Buy one, get one free

June 21, 2012 21:23 by Consumer Ed

Dear Consumer Ed: 

What is the law concerning “buy one get one free”?  Specifically, I am wondering if I only want one of the item, isn’t the store supposed to charge me 50% off in lieu of getting a second item free?  

Consumer Ed says: 

Stores often devise promotions to entice consumers to purchase their merchandise.  One increasingly popular promotion is advertising store products as “buy one, get one free,” otherwise known as “BOGO.”  This marketing tool serves as an incentive for consumers to get two of the same or similar items, while only paying for one of them.  Consumers will almost always select two such products in order to take advantage of the advertised “discount.”  In general, these types of promotions are run to get more people in the door, or to reduce the store’s inventory of a particular product.

This promotion is especially popular in grocery stores.  Consumers arrive at the “check out” counter and notice that the first of the two products is often automatically scanned at half off of the original price, regardless of whether the second item is purchased.  This often creates confusion as to whether it is actually necessary to purchase two products in order to receive one product for free, or if one can simply purchase one of the advertised products at half off of the original price.  There is no law pertaining to “buy one, get one free” deals in particular, and a merchant is not necessarily required to give you a BOGO item at half-price simply because you don’t select two of them.  It’s best to ask a sales associate or customer service representative in advance about the store’s policy concerning BOGO deals.  This way, you’ll know what to expect before you buy anything.

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Refund policies for online merchants

April 11, 2012 18:54 by Consumer Ed

Dear Consumer Ed:

I purchased some merchandise online.  The company shipped the order, which I later returned.  The merchant never posted a credit, so I notified my credit card company and requested a chargeback.  The merchant is now saying, "All refunds are for merchandise only.”  Can they do this?  I'm pretty sure the website did not have this language before, but I can't be sure.

Consumer Ed says: 

It sounds as if the merchant is saying that when an item is returned, they will only give store credit or exchanges rather than a full refund.  In Georgia, merchants are not required to give a refund or credit unless the merchandise is defective, or if the buyer was persuaded to purchase the item based on deceptive or misleading advertising.

Most sellers offer some sort of refund or credit because they want customers to return, not out of any legal obligation.

However, sellers are required to clearly state their return/cancellation policies. If you were sure that the website did not say "all refunds are for merchandise only" at the time of your purchase, then you might be able to claim that it was deceptive of them to misrepresent your refund or cancellation rights. But if the seller did disclose this policy previously, then you are probably out of luck.

If you believe the product you bought was defective, that the advertising was misleading or deceptive, or that the website did not disclose the return policies before you made the purchase, you can submit a complaint to the Better Business Bureau at www.bbb.org; to the Federal Trade Commission at www.ftc.gov; or to the Governor's Office of Consumer Protection at  www.consumer.ga.gov or by calling 404-651-8600 or 1-800-869-1123.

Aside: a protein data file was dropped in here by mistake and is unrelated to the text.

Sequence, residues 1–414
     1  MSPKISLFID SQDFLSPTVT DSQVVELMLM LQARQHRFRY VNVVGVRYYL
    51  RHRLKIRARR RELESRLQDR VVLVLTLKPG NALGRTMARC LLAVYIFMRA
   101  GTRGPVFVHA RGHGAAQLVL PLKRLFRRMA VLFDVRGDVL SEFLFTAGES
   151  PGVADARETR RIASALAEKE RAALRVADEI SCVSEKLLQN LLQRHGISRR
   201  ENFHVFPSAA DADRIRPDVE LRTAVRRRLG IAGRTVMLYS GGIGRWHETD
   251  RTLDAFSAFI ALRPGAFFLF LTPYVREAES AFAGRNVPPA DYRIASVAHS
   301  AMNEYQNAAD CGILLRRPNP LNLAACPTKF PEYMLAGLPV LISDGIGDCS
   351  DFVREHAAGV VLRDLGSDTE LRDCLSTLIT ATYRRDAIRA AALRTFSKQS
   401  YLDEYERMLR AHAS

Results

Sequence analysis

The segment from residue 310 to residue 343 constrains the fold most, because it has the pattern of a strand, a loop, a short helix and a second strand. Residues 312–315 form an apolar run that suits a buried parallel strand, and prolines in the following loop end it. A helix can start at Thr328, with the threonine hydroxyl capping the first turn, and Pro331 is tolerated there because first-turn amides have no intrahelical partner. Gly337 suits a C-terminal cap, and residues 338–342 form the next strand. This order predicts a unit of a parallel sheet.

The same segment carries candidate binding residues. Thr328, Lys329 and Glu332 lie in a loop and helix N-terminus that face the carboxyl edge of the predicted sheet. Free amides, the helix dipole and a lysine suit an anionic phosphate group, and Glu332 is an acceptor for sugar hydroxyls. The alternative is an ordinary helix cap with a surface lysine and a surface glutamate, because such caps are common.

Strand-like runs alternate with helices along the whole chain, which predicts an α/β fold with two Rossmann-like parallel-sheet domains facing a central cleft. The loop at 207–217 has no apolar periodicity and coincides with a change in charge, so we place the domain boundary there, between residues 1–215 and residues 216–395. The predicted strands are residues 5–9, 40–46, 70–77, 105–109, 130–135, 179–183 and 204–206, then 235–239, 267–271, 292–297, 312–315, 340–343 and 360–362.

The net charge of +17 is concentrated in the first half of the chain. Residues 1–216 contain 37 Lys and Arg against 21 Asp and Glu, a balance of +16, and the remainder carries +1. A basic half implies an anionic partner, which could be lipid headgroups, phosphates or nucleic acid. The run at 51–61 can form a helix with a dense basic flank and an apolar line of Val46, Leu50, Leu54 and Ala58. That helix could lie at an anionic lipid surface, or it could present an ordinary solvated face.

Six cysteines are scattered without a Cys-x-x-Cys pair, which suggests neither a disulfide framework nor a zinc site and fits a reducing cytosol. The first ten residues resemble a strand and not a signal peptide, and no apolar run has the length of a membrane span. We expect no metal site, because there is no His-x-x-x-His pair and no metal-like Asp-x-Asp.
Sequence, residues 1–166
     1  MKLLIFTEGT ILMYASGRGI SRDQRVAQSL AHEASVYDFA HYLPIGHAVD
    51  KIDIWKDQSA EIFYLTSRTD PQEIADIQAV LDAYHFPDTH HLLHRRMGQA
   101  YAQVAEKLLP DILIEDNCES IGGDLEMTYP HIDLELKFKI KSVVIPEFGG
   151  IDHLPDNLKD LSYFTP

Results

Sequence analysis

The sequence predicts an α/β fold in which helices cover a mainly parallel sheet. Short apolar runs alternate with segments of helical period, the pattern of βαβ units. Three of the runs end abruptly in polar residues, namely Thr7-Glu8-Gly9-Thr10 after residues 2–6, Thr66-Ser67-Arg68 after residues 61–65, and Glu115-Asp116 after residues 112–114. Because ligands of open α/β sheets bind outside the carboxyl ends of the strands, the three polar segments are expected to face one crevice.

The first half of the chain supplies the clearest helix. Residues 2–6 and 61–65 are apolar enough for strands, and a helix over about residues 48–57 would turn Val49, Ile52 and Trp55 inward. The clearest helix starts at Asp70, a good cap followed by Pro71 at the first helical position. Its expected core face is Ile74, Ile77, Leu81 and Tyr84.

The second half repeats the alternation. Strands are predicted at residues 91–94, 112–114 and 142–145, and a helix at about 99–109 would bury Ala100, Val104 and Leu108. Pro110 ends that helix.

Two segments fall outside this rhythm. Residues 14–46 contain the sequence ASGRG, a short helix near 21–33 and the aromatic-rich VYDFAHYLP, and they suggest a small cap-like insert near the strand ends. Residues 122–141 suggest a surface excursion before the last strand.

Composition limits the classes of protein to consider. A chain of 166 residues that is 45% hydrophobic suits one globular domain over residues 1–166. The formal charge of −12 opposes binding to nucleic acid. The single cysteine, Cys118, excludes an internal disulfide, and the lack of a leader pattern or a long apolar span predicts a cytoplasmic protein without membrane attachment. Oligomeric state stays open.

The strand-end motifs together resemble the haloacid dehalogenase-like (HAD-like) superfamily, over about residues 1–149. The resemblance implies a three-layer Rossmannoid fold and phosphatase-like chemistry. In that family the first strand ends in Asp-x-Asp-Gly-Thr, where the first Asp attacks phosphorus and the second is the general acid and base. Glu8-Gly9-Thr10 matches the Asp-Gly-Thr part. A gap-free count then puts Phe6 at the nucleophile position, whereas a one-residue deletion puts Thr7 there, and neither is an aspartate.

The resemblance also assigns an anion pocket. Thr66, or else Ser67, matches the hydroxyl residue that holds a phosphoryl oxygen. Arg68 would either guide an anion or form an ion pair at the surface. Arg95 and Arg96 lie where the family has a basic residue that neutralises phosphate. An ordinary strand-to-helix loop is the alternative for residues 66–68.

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Handling fee on ticket purchases

March 22, 2012 17:20 by Consumer Ed

Dear Consumer Ed: 

I just spoke with a comedy club and was informed that an $8.99 handling fee is charged on "all" tickets purchased, even on-site at ticket booth/box office.  I thought if a ticket was purchased on-site or at a box office, a handling fee could not be charged. 

Consumer Ed says: 

For tickets purchased on-site or at the box office, Georgia law allows the owner, operator or sponsor of the event to add a service charge in addition to the face value of the ticket.  You can ask the comedy club what the handling charge is for.  If they say that it is for dinner, gratuity, parking or surcharges, which must be paid by the customer in order to see the show, these things fall under the definition of “face value”, and therefore should be included as part of the original ticket price.  Note that additional federal, state, or local tax charges are not included as part of the “face value.”

However, the law does place some limits on ticket brokers (outside agents who resell tickets to events) who charge a premium in excess of the face price of the ticket.  These brokers must be licensed, pay additional taxes, clearly list the face value of the ticket plus the additional fees, and give refunds if warranted.  These limitations do not apply to an owner or operator where the event is held, or the authorized ticket agent of such persons (e.g., Ticketmaster).  Further, regardless of who’s selling the tickets, there are no legal limits on service charge amounts, even for ticket brokers.

Still, if the comedy club fails to disclose the cost of the handling fees, or advertises ticket prices but charges additional fees for items that should have been included in that face price, the club’s advertising could be found to be unfair or deceptive.  If this is the case, you can submit a complaint to the Federal Trade Commission at www.ftc.gov or to the Governor's Office of Consumer Protection at www.consumer.ga.gov or by calling 404-651-8600 or 1-800-869-1123.

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